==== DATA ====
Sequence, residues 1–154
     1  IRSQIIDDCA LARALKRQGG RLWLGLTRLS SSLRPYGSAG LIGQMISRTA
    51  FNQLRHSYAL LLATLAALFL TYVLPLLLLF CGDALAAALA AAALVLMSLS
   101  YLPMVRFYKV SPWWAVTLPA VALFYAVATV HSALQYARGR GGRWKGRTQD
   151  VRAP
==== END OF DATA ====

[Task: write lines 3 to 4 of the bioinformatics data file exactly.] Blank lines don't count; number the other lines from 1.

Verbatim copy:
    51  FNQLRHSYAL LLATLAALFL TYVLPLLLLF CGDALAAALA AAALVLMSLS
   101  YLPMVRFYKV SPWWAVTLPA VALFYAVATV HSALQYARGR GGRWKGRTQD